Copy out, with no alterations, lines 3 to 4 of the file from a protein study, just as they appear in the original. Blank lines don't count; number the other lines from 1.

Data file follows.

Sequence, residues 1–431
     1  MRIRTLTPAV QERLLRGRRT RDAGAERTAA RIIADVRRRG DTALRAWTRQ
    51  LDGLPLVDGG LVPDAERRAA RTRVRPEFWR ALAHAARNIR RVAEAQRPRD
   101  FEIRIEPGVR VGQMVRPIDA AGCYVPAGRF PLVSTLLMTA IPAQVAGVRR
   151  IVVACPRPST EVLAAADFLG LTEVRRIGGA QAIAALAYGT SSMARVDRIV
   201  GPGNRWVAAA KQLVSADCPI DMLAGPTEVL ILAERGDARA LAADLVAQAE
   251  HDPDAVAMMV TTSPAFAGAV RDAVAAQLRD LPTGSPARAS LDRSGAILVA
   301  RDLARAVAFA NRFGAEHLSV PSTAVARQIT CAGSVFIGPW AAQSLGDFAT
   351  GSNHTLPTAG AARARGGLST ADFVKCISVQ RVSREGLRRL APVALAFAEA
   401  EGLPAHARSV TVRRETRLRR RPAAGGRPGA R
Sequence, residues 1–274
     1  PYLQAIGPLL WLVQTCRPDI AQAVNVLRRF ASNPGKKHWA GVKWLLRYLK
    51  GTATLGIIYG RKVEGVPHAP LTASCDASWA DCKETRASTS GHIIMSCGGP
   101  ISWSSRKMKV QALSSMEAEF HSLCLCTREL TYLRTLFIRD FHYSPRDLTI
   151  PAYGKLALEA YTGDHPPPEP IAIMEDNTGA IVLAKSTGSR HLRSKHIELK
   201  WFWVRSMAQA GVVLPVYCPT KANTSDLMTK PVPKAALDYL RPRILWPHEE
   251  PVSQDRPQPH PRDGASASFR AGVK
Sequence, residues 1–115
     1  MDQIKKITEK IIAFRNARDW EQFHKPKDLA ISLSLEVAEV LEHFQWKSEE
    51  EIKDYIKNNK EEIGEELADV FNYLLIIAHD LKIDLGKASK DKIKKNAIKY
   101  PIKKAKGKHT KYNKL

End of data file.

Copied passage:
    51  LDGLPLVDGG LVPDAERRAA RTRVRPEFWR ALAHAARNIR RVAEAQRPRD
   101  FEIRIEPGVR VGQMVRPIDA AGCYVPAGRF PLVSTLLMTA IPAQVAGVRR